Graeme Decarie (1933-2022): ‘He could get you interested in anything’
Malcolm Graeme Decarie, BA 60, Concordia associate professor emeritus of history and well-known public commentator, is being fondly remembered by his colleagues following his passing on November 27. He was 89.
“Graeme was a much beloved colleague, very down-to-earth and fun to be around,” says Concordia President Graham Carr, who taught alongside Decarie in the Department of History for many years.
“Graeme revelled in teaching and was adored by generations of students. He also had countless fans in the wider public who enjoyed his regular media commentary, often laced with a sardonic wit. He was passionate about education and about Concordia and will be missed by all of us who had the pleasure to know him.”
‘A great human being’
“I first met Graeme at the time of the Loyola–Sir George merger when we became colleagues in the combined Department of History,” says Frederick Bode, professor emeritus of history. Loyola College merged with Sir George Williams University to form Concordia University in 1974.
“I came to appreciate Graham’s vast knowledge of all things Montreal and his wonderful sense of humour when we eventually shared side-by-side offices in the Webster Library building,” he says.
“Graeme came into the office almost every day, and I always looked forward to our regular conversations which could be about almost anything, from our respective historical interests to the latest news of the day. I missed him following his retirement. He was a great human being.”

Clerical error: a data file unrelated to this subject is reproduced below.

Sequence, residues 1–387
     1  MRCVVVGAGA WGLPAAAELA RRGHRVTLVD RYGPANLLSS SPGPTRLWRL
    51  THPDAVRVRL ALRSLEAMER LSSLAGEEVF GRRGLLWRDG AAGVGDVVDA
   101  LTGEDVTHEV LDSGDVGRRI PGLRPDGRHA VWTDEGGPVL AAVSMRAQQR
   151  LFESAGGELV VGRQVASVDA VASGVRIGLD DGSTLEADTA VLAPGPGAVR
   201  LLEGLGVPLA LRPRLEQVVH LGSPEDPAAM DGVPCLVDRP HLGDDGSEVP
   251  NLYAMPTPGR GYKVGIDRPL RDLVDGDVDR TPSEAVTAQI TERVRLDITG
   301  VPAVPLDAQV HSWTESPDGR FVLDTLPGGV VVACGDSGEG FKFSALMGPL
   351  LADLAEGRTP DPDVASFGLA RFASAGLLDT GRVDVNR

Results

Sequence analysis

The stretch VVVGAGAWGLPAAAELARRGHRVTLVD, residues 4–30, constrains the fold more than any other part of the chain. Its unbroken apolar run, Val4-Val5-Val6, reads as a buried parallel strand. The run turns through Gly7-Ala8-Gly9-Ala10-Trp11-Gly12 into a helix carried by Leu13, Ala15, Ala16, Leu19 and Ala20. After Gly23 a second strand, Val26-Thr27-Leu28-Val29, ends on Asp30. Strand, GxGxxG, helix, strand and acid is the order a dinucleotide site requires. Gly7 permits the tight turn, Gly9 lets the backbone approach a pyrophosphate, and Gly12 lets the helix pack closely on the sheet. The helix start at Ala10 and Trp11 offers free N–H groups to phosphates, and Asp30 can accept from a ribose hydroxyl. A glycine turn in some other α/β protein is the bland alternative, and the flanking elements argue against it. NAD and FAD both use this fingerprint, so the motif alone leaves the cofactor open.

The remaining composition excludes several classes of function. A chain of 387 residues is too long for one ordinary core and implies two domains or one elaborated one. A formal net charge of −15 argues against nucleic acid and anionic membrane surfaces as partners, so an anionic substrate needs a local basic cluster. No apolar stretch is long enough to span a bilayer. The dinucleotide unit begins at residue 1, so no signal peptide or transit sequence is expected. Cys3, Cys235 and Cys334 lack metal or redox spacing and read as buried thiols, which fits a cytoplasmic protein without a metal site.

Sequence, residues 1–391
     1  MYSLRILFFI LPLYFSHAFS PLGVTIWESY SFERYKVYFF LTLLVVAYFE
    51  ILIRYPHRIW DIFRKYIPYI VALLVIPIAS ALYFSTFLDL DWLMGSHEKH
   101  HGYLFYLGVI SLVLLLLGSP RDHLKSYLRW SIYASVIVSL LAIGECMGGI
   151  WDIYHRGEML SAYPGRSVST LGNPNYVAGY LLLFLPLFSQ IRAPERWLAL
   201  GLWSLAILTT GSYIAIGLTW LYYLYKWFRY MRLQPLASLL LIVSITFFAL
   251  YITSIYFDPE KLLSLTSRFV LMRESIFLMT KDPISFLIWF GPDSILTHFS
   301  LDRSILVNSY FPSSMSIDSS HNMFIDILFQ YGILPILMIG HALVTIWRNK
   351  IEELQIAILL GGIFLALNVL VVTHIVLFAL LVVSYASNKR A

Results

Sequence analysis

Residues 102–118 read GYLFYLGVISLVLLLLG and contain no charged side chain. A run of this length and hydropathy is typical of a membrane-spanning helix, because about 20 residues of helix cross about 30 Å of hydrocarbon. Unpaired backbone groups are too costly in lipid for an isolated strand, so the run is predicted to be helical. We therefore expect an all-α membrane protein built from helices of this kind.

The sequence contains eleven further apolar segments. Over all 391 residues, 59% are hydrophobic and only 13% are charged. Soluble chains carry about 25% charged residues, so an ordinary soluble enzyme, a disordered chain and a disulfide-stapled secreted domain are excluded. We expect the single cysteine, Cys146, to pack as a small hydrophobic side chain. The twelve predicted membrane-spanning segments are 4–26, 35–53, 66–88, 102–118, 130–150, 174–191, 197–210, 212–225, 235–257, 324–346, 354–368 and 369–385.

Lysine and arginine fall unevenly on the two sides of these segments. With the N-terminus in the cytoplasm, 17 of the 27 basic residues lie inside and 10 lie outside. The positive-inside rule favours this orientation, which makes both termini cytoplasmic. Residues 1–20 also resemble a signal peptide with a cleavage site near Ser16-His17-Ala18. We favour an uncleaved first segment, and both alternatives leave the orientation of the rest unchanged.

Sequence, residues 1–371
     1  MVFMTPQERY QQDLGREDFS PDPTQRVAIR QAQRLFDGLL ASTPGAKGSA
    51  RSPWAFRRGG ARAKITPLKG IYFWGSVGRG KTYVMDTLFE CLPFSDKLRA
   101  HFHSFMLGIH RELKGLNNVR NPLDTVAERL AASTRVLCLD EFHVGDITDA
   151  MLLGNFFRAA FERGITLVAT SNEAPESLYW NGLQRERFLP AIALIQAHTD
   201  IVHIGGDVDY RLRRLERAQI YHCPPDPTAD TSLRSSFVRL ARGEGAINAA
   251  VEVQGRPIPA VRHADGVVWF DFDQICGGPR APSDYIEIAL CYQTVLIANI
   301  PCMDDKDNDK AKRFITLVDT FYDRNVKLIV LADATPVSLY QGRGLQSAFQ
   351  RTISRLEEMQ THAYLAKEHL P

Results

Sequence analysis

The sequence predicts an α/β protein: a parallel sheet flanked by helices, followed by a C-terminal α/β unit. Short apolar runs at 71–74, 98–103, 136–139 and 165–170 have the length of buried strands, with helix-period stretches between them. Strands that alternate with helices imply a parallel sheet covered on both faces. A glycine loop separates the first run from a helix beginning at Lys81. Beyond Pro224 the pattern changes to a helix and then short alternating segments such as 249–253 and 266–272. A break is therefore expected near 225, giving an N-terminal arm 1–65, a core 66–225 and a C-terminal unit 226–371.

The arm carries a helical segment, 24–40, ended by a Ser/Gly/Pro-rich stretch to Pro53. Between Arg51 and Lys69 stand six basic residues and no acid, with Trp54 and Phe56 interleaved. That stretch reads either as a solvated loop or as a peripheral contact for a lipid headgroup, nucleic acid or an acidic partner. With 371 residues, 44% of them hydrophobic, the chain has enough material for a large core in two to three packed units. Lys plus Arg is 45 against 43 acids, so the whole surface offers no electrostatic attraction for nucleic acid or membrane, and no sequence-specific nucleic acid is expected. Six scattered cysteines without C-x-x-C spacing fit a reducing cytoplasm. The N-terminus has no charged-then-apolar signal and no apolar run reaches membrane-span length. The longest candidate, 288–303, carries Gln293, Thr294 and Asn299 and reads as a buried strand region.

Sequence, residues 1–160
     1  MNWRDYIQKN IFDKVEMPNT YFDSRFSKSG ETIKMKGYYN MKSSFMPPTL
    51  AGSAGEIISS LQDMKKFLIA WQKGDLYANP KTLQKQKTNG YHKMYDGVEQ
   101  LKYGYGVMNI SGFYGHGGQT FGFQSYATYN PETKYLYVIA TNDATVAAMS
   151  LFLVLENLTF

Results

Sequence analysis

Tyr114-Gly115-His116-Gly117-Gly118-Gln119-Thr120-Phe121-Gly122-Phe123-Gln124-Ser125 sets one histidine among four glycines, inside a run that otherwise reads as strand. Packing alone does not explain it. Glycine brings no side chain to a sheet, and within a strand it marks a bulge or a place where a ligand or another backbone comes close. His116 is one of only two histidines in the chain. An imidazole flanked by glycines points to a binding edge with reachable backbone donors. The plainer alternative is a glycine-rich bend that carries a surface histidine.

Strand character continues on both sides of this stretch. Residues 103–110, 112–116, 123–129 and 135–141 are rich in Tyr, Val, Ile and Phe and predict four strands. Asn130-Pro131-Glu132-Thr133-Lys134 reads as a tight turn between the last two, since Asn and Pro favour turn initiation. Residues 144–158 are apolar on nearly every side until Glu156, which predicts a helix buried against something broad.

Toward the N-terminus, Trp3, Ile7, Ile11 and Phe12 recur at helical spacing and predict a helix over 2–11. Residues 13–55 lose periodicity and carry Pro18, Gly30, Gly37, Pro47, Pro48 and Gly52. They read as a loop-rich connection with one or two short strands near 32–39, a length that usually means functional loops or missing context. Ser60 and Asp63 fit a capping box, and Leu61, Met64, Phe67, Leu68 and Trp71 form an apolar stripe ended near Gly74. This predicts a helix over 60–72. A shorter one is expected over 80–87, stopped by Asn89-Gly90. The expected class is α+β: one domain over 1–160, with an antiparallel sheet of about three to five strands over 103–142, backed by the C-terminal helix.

Non-traditional path to academia
Born into poverty in Montreal’s Villeray neighbourhood, Decarie didn’t follow a traditional path into academia, dropping out of high school in grade 10. However, he returned to take evening classes as a mature student at Sir George Williams, taking advantage of its focus on continuing education to earn his BA in 1960.
Decarie went on to complete his MA at Acadia University in Wolfville, Nova Scotia, and a PhD in history at Queen’s University in Kingston, Ontario.
Following three years at Prince Edward Island University in Charlottetown, Decarie returned to Concordia, where he spent the remainder of his career. He taught for over three decades in the history department until his retirement in 2006, including serving as department chair from 1986 to 1994.
‘A natural storyteller’
Decarie frequently provided commentary for publications and media outlets such as CJAD 800 and CBC Montreal Radio.
“Graeme was a natural storyteller,” recalls Bernard St. Laurent, long-time CBC journalist, radio host and political analyst.
“He could get you interested in anything, from where the apple fields were in NDG to the relationship between early settlers and the Mohawk people of Kahnawake, which is why he was a columnist for so many years.”
‘Ahead of his time’
Rosemarie Schade, professor emeritus of history, describes Decarie as a progressive educator who supported her in the early years of her career.
“In the late 1980s, when he was chair of the history department, I remember his support for the new female hire — me! — at a time that there were almost no women in the department,” she recalls.
His forward-thinking attitude to higher education was also reflected in his attitudes towards students from working-class backgrounds, she adds.
“He knew from his own experience that the culture of the academy was challenging for many, and he was hilariously caustic in voicing his disdain for academic pretensions,” Schade says.
“He is always fondly remembered by me for telling me that the increased number of women in the department had greatly changed the culture and behaviour at meetings for the better. Although he eschewed labels, Graeme was most definitely a feminist, and ahead of his time.”